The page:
Mystery Writers and the Search for an Undetectable Poison

If there were such a thing as a truly undetectable poison, mystery writers would use it in every book. There are, however, poisons that stand a good chance of not being detected. Whether or not your killer is willing to take the chance is, of course, up to them.

The average autopsy will check for alcohol, narcotics and illegal drugs. That’s all. The average crime lab will not have the equipment or reagents to check for every possible poison. The investigator would have to know what they are looking for. If they do, and there is not currently a way to detect it, a way might then be found. That’s what happened in Toledo when David Davis supposedly killed his wife Shannon with succinylcholine, which instantly breaks down into succinic acid and choline. These two chemicals are normally found in the body anyway. At the time there was no way to detect suspicious levels, but doctors in Sweden and then a doctor at the Medical College of Ohio came up with a test to do so. Davis was convicted (after going on the run for seven years,) but using a brand-new technique in a criminal trial is always a risky proposition, and the accuracy of it is still under debate. Juries—and everyone else—like their forensic science to have lots of studies and decades of time behind it before they vote to convict.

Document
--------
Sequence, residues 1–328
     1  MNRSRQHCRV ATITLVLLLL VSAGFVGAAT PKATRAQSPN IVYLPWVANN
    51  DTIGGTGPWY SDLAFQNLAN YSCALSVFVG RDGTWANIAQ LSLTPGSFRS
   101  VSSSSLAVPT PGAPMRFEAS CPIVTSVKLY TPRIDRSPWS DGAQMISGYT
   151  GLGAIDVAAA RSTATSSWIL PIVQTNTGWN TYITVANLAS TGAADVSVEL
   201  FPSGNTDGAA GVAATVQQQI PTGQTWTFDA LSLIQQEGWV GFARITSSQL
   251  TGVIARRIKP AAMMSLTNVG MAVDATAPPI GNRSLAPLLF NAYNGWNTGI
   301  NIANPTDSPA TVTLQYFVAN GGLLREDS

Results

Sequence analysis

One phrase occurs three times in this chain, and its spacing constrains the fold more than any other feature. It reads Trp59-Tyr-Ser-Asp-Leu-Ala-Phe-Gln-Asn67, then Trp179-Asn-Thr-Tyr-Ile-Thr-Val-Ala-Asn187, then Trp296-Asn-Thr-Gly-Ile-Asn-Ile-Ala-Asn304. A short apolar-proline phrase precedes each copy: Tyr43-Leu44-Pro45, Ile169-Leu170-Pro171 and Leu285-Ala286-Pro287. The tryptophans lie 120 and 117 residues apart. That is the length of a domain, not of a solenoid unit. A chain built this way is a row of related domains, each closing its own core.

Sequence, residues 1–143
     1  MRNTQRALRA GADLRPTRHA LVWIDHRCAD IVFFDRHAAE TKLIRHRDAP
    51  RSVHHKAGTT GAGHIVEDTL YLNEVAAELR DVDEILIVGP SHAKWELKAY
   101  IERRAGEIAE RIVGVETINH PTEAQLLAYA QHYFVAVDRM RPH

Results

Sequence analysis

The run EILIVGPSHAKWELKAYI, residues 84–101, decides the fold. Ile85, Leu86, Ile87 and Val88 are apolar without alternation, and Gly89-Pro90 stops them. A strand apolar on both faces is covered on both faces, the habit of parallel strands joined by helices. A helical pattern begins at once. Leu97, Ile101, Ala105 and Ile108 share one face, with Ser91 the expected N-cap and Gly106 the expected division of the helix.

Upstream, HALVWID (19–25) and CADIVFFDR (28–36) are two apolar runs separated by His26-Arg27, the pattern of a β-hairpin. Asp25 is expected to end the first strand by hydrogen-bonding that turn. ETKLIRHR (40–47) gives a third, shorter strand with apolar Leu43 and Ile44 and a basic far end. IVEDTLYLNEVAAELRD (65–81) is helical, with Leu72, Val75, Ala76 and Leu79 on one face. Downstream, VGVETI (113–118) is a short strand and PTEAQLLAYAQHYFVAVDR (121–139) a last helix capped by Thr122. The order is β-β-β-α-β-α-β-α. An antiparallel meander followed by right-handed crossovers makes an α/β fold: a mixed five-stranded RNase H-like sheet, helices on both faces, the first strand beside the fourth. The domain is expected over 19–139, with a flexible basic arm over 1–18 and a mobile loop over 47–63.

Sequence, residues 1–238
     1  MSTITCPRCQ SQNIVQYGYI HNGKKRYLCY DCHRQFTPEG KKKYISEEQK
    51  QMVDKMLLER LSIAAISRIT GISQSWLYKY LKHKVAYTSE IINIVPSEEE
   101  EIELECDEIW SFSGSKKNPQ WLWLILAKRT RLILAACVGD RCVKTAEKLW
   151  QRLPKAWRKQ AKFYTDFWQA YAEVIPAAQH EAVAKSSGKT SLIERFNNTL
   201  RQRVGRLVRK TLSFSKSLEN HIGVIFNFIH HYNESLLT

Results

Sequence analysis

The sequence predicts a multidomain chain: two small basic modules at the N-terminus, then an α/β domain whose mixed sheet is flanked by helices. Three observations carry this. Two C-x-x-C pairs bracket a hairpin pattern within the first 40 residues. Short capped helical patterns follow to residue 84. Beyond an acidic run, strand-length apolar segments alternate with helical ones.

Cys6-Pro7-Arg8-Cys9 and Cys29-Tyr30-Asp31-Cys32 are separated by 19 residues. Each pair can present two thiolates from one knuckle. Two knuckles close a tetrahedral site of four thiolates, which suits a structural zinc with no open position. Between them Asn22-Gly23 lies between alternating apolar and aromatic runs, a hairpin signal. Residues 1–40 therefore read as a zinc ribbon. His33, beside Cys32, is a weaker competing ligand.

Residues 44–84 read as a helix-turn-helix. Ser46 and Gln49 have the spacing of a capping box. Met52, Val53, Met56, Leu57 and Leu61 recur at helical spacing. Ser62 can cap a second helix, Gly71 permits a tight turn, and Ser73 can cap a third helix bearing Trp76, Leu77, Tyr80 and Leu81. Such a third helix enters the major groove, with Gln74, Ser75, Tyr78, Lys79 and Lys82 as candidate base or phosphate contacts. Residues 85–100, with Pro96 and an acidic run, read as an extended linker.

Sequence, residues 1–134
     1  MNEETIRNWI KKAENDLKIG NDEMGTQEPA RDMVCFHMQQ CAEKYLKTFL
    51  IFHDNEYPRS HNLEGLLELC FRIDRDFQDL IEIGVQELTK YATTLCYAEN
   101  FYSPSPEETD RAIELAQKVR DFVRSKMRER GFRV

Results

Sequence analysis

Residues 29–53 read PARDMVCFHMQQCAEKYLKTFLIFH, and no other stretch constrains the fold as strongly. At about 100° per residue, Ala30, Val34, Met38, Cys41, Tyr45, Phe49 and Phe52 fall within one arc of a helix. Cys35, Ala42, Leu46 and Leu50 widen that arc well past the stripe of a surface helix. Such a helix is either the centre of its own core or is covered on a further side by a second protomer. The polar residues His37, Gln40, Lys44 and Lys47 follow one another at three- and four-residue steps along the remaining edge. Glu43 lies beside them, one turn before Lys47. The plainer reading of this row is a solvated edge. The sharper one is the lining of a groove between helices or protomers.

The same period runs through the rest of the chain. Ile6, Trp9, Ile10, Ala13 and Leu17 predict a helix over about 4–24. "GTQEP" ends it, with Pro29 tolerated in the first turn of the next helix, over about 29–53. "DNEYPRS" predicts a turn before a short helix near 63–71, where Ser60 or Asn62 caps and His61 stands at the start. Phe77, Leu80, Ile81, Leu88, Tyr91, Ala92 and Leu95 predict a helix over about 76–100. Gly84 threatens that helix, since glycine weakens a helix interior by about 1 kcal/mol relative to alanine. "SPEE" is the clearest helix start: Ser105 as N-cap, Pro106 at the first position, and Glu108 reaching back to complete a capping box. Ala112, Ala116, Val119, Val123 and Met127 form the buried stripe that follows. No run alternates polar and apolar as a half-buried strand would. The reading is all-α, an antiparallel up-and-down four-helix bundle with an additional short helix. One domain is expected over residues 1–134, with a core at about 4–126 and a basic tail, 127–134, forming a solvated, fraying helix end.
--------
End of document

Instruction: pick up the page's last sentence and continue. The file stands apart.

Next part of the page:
If you want to know how to kill someone without leaving a physical mark or trace, read my book Evidence of Murder. That’s exactly the question my heroine, Theresa, comes up against, and yes, there is an answer, and yes, it’s completely true. But it’s not poison.

Well, maybe not exactly.

The trick is to make the poison fit so perfectly into the victim’s situation that, even if found, it will not necessarily scream murder. Genene Ann Jones killed numerous infants in her pediatric ICU unit by overdosing them with the blood thinner heparin. But with the victims in such a fragile state to begin with, her activities went undetected for quite some time.

Dr. John Hill supposedly killed his wife by poisoning pastries with bacteria so that her death would look like a case of meningitis. It might have worked had his behavior not raised so much suspicion. This method would require a good working knowledge of, and access to, bacteria and runs great risk of not working or not working completely. On the plus side, it wouldn’t look like poison, and one could always try again.

But just because a poison is well known doesn’t mean you can’t get away with it. An older lady killing off her husband is the first thing you think of with the word arsenic, but Audrey Marie Hilley did exactly that, while her husband was in the hospital under the care of an army of competent doctors and nurses.